Jul 2, 2011

Alzheimer’s and One Day at a Time

If you are going in circles, feeling overwhelmed and tired, trying to figure out what you need to do, and not certain of your direction -- Stop

By Barbara Pursley
Alzheimer's Reading Room

When Mom was first diagnosed with Alzheimer’s, I had to embrace the mystery of the disease.

That was eighteen years ago when I was forty-two and attending college. Alzheimer’s was a foreign word and it had not yet grown to be the devastating disease it is today.

I wanted to know everything about Alzheimer’s. I wanted an instruction sheet with a set of rules. I wanted all of the answers.

Surely, there had to be a caregiver’s map.

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I wasn’t able to throw my hands in the air and enjoy the ride. No, I had to hold onto the handlebars with both hands. I didn’t feel the wind in my hair and the sun on my face. It wasn’t a magical trip that felt joyful and exhilarating.

My bike had one flat tire. It was wobbly and slow. The path was twisted with curves and signs of fear and caution. Something bad was happening. Something terrible and traumatic was on my path. An event that would change my life forever. I felt like life had pounced on me and stole my joy and peace.

The gentle rhythm of my life had changed in a manner of seconds.

I cried while dialing the number of my best friend. She was a compassionate and loving person who always saw the bright side of life. Maybe, she would help me put things in perspective.

I told her about Mom’s diagnosis and she listened with an open heart. She reminded me of the slogan, “One Day at a Time.” She brought my attention to the fact that all of my fear was based on the future and reminded me to stay in the present moment.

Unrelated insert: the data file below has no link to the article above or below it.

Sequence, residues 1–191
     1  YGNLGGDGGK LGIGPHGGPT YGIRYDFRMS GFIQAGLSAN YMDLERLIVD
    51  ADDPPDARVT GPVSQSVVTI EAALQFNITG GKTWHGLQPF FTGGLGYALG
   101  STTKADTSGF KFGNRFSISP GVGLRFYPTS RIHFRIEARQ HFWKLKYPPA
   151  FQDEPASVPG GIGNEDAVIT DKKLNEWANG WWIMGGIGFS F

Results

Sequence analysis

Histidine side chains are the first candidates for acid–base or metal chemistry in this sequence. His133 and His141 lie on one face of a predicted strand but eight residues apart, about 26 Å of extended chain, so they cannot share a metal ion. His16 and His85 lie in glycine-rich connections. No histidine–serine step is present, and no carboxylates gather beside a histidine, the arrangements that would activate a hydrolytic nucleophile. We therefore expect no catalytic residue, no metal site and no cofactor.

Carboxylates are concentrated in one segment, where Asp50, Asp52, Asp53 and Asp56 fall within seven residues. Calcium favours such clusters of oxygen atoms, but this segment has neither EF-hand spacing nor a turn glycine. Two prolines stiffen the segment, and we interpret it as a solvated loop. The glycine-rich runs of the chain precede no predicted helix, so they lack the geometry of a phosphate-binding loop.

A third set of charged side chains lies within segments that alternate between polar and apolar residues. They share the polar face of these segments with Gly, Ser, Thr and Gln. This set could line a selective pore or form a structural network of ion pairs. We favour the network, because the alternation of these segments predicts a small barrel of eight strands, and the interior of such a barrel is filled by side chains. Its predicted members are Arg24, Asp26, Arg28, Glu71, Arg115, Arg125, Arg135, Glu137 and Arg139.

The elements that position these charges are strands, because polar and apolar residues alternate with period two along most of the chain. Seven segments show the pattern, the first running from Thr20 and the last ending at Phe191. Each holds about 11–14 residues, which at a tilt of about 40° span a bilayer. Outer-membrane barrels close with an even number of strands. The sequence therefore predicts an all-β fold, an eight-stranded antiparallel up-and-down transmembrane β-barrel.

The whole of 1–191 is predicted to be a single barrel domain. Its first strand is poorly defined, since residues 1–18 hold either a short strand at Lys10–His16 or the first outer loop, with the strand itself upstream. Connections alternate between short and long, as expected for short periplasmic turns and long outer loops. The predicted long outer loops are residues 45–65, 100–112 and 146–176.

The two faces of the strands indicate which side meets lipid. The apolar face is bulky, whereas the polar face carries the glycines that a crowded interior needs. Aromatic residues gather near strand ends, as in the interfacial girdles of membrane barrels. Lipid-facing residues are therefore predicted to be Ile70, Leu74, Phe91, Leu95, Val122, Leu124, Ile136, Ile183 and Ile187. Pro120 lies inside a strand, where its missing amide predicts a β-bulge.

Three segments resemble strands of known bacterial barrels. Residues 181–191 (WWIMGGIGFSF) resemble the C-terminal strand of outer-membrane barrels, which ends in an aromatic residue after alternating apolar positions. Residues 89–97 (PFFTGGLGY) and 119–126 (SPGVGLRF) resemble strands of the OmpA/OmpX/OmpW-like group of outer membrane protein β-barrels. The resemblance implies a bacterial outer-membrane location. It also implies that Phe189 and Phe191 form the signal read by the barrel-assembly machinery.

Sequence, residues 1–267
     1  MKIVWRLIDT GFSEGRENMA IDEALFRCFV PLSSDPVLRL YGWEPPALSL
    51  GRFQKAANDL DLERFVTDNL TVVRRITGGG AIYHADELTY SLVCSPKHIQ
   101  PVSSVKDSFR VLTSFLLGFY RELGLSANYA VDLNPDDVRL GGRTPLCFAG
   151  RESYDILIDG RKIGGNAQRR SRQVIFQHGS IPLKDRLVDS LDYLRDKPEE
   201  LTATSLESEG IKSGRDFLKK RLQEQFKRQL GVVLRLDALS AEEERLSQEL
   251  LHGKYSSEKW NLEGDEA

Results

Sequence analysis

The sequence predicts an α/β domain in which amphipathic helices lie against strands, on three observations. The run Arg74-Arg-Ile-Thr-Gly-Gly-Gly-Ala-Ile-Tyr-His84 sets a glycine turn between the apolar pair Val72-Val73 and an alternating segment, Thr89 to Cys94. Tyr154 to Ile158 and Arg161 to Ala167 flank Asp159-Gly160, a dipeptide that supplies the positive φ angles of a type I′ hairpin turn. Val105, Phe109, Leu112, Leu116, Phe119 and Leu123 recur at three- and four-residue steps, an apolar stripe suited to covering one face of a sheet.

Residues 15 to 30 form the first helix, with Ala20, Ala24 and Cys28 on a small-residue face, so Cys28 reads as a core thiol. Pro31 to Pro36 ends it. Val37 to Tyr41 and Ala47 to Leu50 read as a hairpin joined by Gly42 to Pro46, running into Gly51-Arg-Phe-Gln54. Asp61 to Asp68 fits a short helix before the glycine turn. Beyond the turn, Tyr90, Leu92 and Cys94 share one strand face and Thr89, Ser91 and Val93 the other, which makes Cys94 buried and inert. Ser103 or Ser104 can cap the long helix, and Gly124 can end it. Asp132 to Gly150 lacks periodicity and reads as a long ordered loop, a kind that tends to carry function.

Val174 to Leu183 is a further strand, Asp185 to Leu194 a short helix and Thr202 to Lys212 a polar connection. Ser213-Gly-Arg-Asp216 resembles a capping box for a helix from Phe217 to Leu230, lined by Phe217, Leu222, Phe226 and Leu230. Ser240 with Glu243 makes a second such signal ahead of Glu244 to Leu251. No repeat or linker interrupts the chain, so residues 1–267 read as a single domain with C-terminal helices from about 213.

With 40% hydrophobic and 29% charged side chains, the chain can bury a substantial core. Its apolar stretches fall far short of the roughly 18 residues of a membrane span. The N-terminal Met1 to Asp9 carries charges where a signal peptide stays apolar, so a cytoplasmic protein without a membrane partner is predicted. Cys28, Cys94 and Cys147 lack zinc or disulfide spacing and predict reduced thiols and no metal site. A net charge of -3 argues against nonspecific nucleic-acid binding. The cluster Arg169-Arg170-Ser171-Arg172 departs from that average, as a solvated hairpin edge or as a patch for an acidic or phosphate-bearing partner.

Within a short period of time I heard myself laugh. My heart opened and I began to feel a sense of relief. The world had not come to an end and I knew that God would give me the strength to be a good caregiver

Alzheimer’s was slowly revealing it’s mysteries to me. I let time be my compass trusting that life would reveal to me the knowledge I needed for caregiving. Easier said than done.

I set myself free of fear. Gave myself permission to experience all of the unknowns while Mom and I walked that bumpy, winding road together.

Sometimes, we don’t know what’s next or what we think our lives will look like down Alzheimer’s road. It’s okay to not know all the answers.

Sometimes, the reason we don’t know is because what’s coming is going to be very different from anything we’ve experienced before and we need to take it slow and easy.

The lesson is trusting the process that is unfolding “One Day at a Time.”

As a caregiver, where are you on this journey? Are you able to accept living “One Day at a Time” and be in the present moment or do you tend to spend more time in fear of the future?

If you are going in circles, feeling overwhelmed and tired, trying to figure out what you need to do, and not certain of your direction -- Stop. Take a deep breath. Pray.

Maybe, you are right where you need to be.

Barbara Pursley was born in Galveston, Texas and is the author of EMBRACING THE MOMENT. Barabara attended Santa Monica College, studied photography, and worked as a commercial photographer before returning to Texas to care for her mother. Barbara also taught journal writing to women in Texas rehabilitation facilities. She put her God inspired journal entries and photographs into book form in 2009.

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Original content Barbara Pursley, the Alzheimer's Reading Room